If it's a more regular thing that she never submits homework, they're likely to want to chat to you about it (perhaps just at a regular parents' evening, you should get these at least once per academic year anyway) - in which case, you will explain your case as to why you don't think it's relevant / necessary, they explain their case as to why they think it IS, and you either see their POV and start submitting the homework or don't, as you see fit. There are no official "sanctions" of any sort that they can impose and they would be unlikely to do so anyway.

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You see, I learnt to read and write when I was 7, and I don't really feel disadvantaged by this in any way. That is why spending weekends for a couple of years to teach a 4-yeard old writing, which she could learn in a week when she is 7, is just not something I am convinced is the most reasonable use of her (our) time. –  Grzenio Sep 24 '13 at 11:23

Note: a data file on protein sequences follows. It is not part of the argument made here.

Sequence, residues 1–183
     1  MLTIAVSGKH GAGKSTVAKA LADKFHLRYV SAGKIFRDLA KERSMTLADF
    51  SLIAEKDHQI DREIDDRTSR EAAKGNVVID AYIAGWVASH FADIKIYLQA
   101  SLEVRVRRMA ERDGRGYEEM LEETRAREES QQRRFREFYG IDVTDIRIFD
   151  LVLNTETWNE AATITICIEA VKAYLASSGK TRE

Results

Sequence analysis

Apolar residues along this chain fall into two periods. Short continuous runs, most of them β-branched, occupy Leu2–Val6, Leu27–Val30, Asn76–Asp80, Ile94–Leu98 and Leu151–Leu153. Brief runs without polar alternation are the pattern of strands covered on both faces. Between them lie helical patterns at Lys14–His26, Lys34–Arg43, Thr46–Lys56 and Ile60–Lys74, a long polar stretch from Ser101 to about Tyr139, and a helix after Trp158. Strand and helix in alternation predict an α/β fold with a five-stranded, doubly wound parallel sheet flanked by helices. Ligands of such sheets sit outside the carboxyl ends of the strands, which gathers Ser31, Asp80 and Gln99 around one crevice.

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Right. But that's not how the UK state schooling system works. If you want to stay within that system, you have to at least try to rub along with their methods, and expect that they will try to convince you otherwise if you disagree. Your alternatives are to homeschool, or to look for a private school that better matches your philosophy. –  Vicky Sep 24 '13 at 12:16